2015 Pushcart Nominees
Jane S. Gari for “Shakespeare’s Daughters”
Valerie Keiser Norris for “Holy Vows”
M.B. Gibson for “Waiting Room”
Michael Hugh Lythgoe for “Poem in Lent for Jack”
Len Lawson for “Deep Sea”
The Petigru Review – 2016 Submission Guidelines
Submissions Open from March 1st – May 1st, 2016
The Petigru Review-2016 will feature the best writing of SCWW members in three categories: fiction (including flash fiction), creative nonfiction and poetry.
The Petigru Review is the annual literary journal that strives to showcase only the best writing by our South Carolina Writers Workshop Members. Only members of SCWW are eligible to enter submissions. If interested in becoming a member of SCWW, click here.
The contest is open only to SCWW members whose membership dues are paid and in good standing.
Entries must be written in English. (See Manuscript Formatting below)
The Petigru Review will feature four (4) genres:
- Fiction – word count limit 3,000 words
- Creative Nonfiction – word count limit 3,000 words
- Flash Fiction – submit up to two (2) flash pieces, word count limit 700 words for each
- Poetry – submit up to three (3) poems, not to exceed 80 lines in total
Each member is free to enter as many categories as he/she chooses. Submissions that exceed the length limit in any category or in total will be disqualified.
SCWW retains first-time print publication rights until the literary journal is published, after which the rights revert back to the author. The Petigru Review also reserves e-book rights for the journal only. SCWW solicits authors’ non-exclusive first Internet archival rights for online archiving.
All submissions must be previously un-published (including self-publishing and online such as blogs, message boards, Facebook etc.)
Simultaneous submissions are permitted as long as the author immediately notifies the editor of The Petigru Review when a piece has been accepted elsewhere.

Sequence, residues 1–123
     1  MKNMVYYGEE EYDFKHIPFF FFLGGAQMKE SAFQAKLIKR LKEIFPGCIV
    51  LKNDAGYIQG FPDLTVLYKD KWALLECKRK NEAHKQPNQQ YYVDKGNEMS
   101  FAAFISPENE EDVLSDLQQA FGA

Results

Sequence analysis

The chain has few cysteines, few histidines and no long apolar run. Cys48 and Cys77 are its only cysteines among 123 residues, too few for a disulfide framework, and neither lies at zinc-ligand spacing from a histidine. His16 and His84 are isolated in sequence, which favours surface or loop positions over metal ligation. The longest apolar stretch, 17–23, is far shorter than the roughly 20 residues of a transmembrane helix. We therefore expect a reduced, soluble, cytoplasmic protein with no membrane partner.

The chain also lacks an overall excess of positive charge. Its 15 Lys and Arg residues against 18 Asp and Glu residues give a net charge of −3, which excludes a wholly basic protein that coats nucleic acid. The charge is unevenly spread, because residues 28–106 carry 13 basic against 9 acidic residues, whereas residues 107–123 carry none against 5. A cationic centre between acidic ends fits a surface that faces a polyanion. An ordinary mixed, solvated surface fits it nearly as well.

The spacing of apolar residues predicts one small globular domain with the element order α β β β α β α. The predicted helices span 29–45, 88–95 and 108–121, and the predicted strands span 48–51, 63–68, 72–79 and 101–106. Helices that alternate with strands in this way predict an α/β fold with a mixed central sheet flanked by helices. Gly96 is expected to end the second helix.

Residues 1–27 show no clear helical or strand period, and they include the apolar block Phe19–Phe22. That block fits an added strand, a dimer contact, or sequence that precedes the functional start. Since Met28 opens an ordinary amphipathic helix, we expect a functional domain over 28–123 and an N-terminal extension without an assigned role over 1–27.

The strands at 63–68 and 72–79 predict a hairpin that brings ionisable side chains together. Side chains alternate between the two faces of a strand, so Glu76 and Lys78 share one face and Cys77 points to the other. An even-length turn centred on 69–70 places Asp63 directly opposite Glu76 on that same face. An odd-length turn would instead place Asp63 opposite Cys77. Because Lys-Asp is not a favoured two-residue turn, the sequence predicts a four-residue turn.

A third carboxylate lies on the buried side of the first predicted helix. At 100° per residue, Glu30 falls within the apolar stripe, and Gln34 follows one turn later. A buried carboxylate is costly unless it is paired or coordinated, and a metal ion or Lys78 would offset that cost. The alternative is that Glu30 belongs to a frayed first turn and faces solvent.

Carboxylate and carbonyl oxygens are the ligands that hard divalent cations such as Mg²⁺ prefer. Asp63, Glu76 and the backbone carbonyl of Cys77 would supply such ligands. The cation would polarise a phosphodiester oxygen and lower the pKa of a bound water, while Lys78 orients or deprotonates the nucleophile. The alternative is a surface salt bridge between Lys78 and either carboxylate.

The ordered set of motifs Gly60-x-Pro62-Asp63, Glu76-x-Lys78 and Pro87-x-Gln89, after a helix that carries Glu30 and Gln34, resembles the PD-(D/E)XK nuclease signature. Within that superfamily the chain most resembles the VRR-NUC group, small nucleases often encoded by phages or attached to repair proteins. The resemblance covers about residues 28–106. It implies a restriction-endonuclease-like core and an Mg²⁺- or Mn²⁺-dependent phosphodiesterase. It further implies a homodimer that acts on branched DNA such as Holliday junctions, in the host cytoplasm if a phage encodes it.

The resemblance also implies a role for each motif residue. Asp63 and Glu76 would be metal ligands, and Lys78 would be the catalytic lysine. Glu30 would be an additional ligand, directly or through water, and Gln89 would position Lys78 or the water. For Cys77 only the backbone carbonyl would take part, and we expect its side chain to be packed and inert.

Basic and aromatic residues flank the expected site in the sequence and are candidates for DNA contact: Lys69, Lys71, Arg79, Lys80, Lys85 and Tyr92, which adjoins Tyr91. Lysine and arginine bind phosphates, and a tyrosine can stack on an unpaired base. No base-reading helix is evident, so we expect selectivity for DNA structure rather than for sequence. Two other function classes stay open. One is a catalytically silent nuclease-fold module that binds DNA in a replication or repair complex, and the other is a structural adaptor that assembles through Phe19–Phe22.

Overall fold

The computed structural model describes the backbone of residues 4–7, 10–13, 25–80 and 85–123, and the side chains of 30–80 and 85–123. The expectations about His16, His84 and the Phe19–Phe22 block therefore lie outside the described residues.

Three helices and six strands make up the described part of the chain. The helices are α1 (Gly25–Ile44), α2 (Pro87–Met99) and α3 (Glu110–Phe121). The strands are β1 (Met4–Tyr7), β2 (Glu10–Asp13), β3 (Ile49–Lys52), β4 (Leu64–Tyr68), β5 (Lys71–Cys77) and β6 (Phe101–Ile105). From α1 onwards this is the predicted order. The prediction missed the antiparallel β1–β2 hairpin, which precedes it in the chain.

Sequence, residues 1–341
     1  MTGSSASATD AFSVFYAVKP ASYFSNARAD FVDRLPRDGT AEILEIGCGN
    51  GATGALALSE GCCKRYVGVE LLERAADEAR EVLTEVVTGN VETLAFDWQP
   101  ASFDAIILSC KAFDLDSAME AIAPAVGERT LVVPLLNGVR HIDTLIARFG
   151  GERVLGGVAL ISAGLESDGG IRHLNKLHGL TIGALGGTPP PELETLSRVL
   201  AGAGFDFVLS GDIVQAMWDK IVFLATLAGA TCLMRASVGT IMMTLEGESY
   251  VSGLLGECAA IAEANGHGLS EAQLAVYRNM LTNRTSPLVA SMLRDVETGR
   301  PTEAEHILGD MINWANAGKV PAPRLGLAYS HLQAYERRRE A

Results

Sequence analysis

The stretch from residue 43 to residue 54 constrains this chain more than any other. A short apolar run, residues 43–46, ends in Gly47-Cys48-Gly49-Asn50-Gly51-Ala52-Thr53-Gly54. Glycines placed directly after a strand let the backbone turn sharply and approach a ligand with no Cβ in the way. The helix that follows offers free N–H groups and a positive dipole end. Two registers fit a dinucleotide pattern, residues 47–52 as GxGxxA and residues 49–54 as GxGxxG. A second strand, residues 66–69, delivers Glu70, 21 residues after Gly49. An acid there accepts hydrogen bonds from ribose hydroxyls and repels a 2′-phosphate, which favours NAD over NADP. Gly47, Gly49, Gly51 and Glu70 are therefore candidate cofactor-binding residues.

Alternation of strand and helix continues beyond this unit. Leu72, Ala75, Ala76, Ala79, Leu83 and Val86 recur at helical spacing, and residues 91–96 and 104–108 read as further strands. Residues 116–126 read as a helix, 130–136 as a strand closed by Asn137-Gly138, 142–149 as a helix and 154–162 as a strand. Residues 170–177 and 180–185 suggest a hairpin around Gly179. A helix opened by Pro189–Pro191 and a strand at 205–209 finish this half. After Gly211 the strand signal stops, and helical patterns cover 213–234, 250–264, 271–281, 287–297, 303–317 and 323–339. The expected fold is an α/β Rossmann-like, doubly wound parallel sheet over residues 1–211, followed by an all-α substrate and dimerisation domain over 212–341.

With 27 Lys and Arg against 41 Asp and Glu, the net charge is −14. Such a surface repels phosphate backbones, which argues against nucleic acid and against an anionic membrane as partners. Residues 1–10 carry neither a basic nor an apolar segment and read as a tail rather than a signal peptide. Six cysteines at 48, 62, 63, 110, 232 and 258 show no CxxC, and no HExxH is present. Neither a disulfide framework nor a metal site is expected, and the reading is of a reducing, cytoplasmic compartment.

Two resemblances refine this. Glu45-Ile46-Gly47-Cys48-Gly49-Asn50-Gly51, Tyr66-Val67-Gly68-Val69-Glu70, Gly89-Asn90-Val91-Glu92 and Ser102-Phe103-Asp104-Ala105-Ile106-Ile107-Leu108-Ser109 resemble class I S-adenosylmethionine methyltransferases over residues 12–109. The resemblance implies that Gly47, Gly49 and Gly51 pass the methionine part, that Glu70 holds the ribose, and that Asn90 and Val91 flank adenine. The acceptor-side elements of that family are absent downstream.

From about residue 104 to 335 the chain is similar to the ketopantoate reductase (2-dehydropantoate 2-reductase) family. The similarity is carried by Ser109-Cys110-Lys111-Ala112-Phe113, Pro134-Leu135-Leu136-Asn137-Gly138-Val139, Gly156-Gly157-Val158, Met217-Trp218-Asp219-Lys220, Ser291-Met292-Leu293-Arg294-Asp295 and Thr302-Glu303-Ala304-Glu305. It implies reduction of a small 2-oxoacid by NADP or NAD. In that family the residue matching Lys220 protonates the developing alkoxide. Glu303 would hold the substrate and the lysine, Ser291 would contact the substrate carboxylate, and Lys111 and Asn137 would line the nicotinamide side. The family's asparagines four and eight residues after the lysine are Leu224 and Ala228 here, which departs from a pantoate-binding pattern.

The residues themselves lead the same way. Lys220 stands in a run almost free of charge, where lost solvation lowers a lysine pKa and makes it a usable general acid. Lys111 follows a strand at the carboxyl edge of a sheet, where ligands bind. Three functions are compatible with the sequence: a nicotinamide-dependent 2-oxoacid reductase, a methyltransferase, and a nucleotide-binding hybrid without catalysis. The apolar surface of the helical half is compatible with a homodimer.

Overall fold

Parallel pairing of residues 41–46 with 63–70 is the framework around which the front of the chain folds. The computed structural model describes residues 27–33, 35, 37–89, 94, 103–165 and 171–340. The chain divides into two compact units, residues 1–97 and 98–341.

SCWW members cannot submit the same work to both The Carrie McCray Competition and The Petigru Review Journal. If so, the piece becomes automatically disqualified.
While we reserve the right to edit a submission, any revisions will be communicated to the author and the author can choose to either accept or reject them. Be aware that refusal to accept edits may result in being denied publication.
Authors whose works are selected for publication in The Petigru Review, will receive a contributor copy.
- In the subject line of your email: Type Petigru Review, the category you are submitting to and your last name (Ex: Petigru Review, Flash Fiction, Johnson)
- If you are submitting in more than one category, you must send a separate email for each submission you are entering. For example, if you are entering in both the nonfiction category and poetry category, you would send two emails, one for each category.
- The title and page number must appear on every page of the submission.
- The author’s name, address, email, or any identifying features must not appear anywhere on the manuscript(s), including in the body of the work.
- In the body of the email, please include an author biography of up to 100 words. Please also attach a high resolution color or black and white photograph of yourself, preferably a head shot.
- No paper copies will be accepted. Only electronic submissions are allowed.
- All submissions must be in English, and follow standard manuscript formatting: 12 point font, Times New Roman Font, auto-indents to paragraphs, and be double spaced (except in the case of poetry).
- Send a copy of each manuscript as a Microsoft Word attachment in a separate email to firstname.lastname@example.org.
SCWW also seeks digital images for inclusion in The Petigru Review. Photos may be taken anywhere in the world.
Photos may be submitted through the end of May. Color photos are preferred. Black and white photos are certainly accepted.
The editor looks for artistic images and photos of original art work: drawings, paintings, sculpture, or other media. If the subject of the photo is not the photographer’s, the artist must supply a release form available via email from the editor. Art work on public display is usually exempt from this release as long as the work is part of a composition. Limit of 10 photos per individual. The editor reserves the right to solicit additional photos.
Submit color or black-and-white photos only as attachments to an email. Include in the subject line TPR 2016 Photo and send to email@example.com. Photos must be high resolution JPG or TIFF files, portrait or landscape orientation. Hi-res photos are usually larger than 1 megabyte and can be as high as 10-20 megabytes. Submit only one to three photos per email as most Internet service providers have limits on attachment sizes. Digital art and images of original drawings such as flourishes, line drawings, etc., may also be submitted.